How the Crash Will Reshape America

This article (Atlantic, March 2009) is so, so good.


Whither New York?
“A crucial contributory factor in the financial centres’ development over the last two centuries, and even longer,” writes Cassis, “is the arrival of new talent to replenish their energy and their capacity to innovate.” All in all, most places in Asia and the Middle East are still not as inviting to foreign professionals as New York or London. Tokyo is a wonderful city, but Japan remains among the least open of the advanced economies, and admits fewer immigrants than any other member of the Organization for Economic Cooperation and Development, a group of 30 market-oriented democracies. Singapore remains for the time being a top-down, socially engineered society. Dubai placed 44th in a recent ranking of global financial centers, near Edinburgh, Bangkok, Lisbon, and Prague. New York’s openness to talent and its critical mass of it—in and outside of finance and banking—will ensure that it remains a global financial center…

New York is much, much more than a financial center. It has been the nation’s largest city for roughly two centuries, and today sits in America’s largest metropolitan area, as the hub of the country’s largest mega-region. It is home to a diverse and innovative economy built around a broad range of creative industries, from media to design to arts and entertainment. It is home to high-tech companies like Bloomberg, and boasts a thriving Google outpost in its Chelsea neighborhood. Elizabeth Currid’s book, The Warhol Economy, provides detailed evidence of New York’s diversity. Currid measured the concentration of different types of jobs in New York relative to their incidence in the U.S. economy as a whole. By this measure, New York is more of a mecca for fashion designers, musicians, film directors, artists, and—yes—psychiatrists than for financial professionals.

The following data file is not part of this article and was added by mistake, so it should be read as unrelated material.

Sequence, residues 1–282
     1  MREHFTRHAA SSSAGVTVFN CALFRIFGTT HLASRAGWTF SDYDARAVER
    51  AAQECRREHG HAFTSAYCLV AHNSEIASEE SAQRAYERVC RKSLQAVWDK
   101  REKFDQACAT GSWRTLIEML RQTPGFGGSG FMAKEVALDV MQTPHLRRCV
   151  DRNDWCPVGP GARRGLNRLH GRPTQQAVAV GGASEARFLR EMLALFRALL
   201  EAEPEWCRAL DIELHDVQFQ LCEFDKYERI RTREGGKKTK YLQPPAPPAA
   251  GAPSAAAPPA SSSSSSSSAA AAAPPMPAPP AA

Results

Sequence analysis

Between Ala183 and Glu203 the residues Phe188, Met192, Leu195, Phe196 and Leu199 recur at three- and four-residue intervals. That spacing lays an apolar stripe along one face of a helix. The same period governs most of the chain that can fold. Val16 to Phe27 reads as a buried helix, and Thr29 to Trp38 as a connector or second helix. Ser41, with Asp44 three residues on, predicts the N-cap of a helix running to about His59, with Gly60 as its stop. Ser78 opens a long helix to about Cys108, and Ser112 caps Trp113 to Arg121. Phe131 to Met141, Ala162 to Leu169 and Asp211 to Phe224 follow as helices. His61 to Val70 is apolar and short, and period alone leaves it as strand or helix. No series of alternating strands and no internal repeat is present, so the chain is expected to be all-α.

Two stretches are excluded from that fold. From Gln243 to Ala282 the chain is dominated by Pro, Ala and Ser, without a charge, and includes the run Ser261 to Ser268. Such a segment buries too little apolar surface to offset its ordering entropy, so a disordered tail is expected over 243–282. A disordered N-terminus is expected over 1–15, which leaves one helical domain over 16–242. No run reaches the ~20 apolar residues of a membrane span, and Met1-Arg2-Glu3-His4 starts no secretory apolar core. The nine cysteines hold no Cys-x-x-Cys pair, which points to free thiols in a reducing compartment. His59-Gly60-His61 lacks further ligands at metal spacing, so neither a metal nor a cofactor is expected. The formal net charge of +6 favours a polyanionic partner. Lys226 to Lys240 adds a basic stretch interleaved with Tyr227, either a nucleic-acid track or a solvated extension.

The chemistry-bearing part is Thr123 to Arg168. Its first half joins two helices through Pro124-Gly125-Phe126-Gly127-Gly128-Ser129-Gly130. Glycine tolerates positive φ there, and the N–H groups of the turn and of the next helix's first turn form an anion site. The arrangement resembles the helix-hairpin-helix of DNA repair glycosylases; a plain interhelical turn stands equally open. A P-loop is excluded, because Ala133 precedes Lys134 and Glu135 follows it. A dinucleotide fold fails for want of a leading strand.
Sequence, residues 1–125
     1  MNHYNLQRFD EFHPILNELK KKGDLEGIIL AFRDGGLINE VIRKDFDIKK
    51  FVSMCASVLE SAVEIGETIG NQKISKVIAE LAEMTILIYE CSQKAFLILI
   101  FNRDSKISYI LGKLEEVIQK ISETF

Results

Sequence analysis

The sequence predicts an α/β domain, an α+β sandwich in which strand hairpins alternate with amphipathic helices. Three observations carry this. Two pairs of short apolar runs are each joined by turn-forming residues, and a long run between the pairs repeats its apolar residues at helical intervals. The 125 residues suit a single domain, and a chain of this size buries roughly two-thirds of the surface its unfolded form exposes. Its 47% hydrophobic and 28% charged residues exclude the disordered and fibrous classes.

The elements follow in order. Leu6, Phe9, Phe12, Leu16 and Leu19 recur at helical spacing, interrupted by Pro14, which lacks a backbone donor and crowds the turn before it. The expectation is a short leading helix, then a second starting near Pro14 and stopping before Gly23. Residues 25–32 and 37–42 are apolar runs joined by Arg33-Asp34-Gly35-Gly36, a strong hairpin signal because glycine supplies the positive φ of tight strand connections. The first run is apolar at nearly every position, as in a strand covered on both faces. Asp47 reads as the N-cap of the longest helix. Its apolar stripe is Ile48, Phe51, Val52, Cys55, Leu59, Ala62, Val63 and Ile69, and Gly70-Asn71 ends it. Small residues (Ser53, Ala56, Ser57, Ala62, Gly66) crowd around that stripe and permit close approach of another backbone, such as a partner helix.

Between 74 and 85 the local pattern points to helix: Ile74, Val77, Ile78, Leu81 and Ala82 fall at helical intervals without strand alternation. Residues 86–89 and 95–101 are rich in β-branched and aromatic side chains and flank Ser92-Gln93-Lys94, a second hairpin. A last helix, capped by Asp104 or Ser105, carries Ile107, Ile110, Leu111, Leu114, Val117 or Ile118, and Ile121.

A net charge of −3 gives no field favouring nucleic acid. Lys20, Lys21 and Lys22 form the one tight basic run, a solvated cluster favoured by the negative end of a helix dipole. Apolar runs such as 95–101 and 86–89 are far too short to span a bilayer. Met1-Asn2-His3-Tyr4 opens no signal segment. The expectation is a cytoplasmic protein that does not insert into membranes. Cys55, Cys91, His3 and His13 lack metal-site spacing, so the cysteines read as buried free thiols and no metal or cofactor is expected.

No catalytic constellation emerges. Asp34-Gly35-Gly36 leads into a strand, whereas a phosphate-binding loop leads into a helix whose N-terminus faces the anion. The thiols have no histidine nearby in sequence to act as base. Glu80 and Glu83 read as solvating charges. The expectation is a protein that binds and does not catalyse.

The great urbanist Jane Jacobs was among the first to identify cities’ diverse economic and social structures as the true engines of growth. Although the specialization identified by Adam Smith creates powerful efficiency gains, Jacobs argued that the jostling of many different professions and different types of people, all in a dense environment, is an essential spur to innovation—to the creation of things that are truly new. And innovation, in the long run, is what keeps cities vital and relevant.

This reminds me of this trustafarian first cities concept. Growth requires that people are inspired, which requires that they’re not living to the very Nth degree of their ability. Simply put: If we all have to work 80 hours a week to eke out room and board, there’s no way we’re going to produce art, smarts, or business plans. So in DC, where a huge percent of folks are lawyers (of all things!) we’re just a hare’s breath away from a fight at all times, but not producing anything. It makes sense that growth requires some divine spark, which requires in turn the vitality and relevance Florida extracts from Jane Jacobs, all stemming–as vital, relevant economics is wont to do–from Adam Smith.

And on Suburbanization:

Suburbanization—and the sprawling growth it propelled—made sense for a time. The cities of the early and mid-20th century were dirty, sooty, smelly, and crowded, and commuting from the first, close-in suburbs was fast and easy. And as manufacturing became more technologically stable and product lines matured during the postwar boom, suburban growth dovetailed nicely with the pattern of industrial growth. Businesses began opening new plants in green-field locations that featured cheaper land and labor; management saw no reason to continue making now-standardized products in the expensive urban locations where they’d first been developed and sold. Work was outsourced to then-new suburbs and the emerging areas of the Sun Belt, whose connections to bigger cities by the highway system afforded rapid, low-cost distribution. This process brought the Sun Belt economies (which had lagged since the Civil War) into modern times, and sustained a long boom for the United States as a whole.